Piano Concerto No. 20 in D minor, K. 466
Related Artists/CompaniesWolfgang Amadeus Mozart
About the Work
The eminent scholar H. C. Robbins Landon called Mozart's decade in Vienna (1781-1791) the composer's "golden years" in the title of one of his publications. In the first five or six years of that period, Mozart was in the center of the imperial capital's musical life. His works, pouring forth from his pen at an astonishing speed, were performed and admired. He made many friends among the influential Viennese aristocracy and high bourgeoisie, and even the emperor, Joseph II, followed his activities with interest (even though Mozart never received the court position he was hoping for). In short, as Landon writes, "Mozart's name was on every tongue."
Mozart's Piano Concerto No. 20â€”one of only two written in a minor keyâ€”is one of his most "Romantic" works. The minor mode had a special meaning to the Viennese classics, in whose works the choice of a minor key goes hand in hand with a heightened sense of drama and a whole set of specific harmonic, rhythmic and textural devices that we don't often encounter in compositions written in the major. It is in such works that we may perceive the first signs of musical Romanticism, before it became the dominant style of the early 1800s. The D-minor was the only Mozart concerto Beethoven ever performed (he even wrote down the cadenza he played in it). This work appealed to 19th-century ears more than any of the other concertos; it reminded listeners of Mozart's opera Don Giovanni, which shares the concerto's principal key and its dramatic intensity.
Like most of the piano concertos Mozart composed for his own use at his subscription series in Vienna (a total of 14 works), the D-minor was written in great haste and completed just a few days before the performance. Mozart's father Leopold, himself a decent composer and renowned violinist, was visiting from Salzburg at the time, and wrote to his daughter Anna Maria (Nannerl), a talented pianist, after the concert: "â€¦Then we heard a new and very fine concerto by Wolfgang, where the copyist was still copying when we arrived, and the rondo of which your brother didn't even have time to play through, as he had to supervise the copying."
The unique character of the concerto is apparent from the start. Whereas most Mozart concertos begin either with a powerful statement for full orchestra or a soft lyrical melody, the D-minor opens with more amorphous material: a syncopated rhythm on a single repeated note that only gradually evolves into a recognizable theme. Syncopations (that is, important notes that don't fall on the strong part of the beat) and chromatic pitches (outside the ones that make up the main key) are two of the "irregular" features prominent throughout this Allegro. The entrance of the solo piano, on a new theme filled with intense pain and longing, adcdcs a new dimension to the movement's emotional range. The tension is so strong that a coda of unusual length is required after the cadenza before the music can calm down.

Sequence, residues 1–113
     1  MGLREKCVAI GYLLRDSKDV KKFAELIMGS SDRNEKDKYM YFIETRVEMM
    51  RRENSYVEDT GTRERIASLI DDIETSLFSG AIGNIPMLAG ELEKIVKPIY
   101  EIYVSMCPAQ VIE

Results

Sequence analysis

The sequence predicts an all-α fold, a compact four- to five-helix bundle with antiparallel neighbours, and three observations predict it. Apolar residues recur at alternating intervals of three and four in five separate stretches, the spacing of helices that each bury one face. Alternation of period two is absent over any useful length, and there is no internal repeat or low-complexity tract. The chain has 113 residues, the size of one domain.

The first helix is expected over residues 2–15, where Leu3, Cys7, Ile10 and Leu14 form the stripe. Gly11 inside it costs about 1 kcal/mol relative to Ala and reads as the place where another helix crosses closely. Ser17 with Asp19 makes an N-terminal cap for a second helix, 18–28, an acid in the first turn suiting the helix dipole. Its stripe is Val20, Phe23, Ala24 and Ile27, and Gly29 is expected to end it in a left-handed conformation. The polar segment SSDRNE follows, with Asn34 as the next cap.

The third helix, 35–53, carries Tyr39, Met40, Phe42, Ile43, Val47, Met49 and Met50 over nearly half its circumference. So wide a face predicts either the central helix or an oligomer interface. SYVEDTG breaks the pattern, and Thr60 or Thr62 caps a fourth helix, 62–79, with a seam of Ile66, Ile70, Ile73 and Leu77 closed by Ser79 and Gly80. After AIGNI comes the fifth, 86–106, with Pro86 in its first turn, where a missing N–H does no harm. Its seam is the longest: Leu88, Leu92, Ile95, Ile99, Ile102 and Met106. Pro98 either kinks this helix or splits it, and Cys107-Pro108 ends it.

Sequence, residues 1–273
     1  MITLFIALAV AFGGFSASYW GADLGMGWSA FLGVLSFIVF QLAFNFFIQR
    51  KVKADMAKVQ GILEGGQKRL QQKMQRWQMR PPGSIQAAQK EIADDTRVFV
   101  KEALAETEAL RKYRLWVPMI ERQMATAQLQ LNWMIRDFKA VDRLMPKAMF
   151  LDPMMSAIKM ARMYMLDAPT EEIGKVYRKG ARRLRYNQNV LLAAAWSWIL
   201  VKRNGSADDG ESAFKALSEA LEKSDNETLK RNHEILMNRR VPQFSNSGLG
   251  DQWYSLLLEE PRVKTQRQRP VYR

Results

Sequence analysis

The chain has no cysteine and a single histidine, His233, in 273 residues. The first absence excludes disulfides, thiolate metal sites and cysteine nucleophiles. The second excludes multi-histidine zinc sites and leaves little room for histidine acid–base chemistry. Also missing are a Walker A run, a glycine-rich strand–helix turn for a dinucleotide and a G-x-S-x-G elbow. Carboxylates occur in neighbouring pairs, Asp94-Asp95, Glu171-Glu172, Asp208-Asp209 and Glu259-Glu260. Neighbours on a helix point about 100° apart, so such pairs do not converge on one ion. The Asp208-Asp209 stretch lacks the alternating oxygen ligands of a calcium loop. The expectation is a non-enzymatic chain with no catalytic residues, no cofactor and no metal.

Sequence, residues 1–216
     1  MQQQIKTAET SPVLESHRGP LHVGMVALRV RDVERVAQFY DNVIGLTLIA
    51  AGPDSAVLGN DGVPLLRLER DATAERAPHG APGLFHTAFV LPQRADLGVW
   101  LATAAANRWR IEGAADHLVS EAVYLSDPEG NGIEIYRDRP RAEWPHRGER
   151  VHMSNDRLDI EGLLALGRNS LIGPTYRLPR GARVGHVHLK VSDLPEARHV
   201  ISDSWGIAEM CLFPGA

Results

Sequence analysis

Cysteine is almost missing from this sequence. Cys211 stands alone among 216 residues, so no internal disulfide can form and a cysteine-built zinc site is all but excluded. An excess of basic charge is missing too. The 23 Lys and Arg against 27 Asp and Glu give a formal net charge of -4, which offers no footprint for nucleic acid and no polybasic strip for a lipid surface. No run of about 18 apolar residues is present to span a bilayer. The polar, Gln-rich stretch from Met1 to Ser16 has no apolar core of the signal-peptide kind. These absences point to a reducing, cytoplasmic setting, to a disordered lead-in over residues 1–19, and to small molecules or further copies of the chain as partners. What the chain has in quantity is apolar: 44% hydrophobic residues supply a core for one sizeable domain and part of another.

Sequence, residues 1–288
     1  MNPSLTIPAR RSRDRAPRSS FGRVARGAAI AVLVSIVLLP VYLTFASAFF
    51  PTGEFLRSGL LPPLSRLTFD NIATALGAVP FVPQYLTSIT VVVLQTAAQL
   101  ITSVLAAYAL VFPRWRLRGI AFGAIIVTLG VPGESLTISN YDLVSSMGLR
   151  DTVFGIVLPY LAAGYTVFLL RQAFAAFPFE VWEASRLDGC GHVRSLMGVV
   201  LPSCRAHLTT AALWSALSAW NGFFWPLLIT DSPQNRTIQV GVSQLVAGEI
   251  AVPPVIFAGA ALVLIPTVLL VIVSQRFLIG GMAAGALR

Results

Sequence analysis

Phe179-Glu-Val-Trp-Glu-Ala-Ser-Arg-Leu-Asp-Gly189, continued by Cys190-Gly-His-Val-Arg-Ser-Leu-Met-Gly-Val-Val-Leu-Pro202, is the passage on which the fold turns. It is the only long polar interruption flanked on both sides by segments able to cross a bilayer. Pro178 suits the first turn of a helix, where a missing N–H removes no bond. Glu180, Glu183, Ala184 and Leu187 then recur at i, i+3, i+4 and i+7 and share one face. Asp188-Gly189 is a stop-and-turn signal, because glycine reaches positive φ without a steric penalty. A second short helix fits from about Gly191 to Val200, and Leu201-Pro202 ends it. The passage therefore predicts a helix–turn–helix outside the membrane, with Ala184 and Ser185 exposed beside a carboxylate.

The second-movement "Romanza," in B-flat major, is lyrical and peaceful, or so it seems at the beginning. Its G-minor middle section, however, thrusts us right bak into the stormy atmosphere of the first movement. (In his excellent book on Mozart, Maynard Solomon memorably calls this section "trouble in Paradise.") Mozart connects this agitated passage to the return of the serene opening theme with inimitable mastery: the note values in the solo piano part become gradually longer while the harmonies smoothly shift from G minor back to the original B-flat major.
The final Rondo returns to the impassioned mood of the first movement, but moves from there to a brighter, more cheerful section in D major, representing, in the words of a previous commentator, "a victory of serenity over the tumultuous anxiety of earlier moments."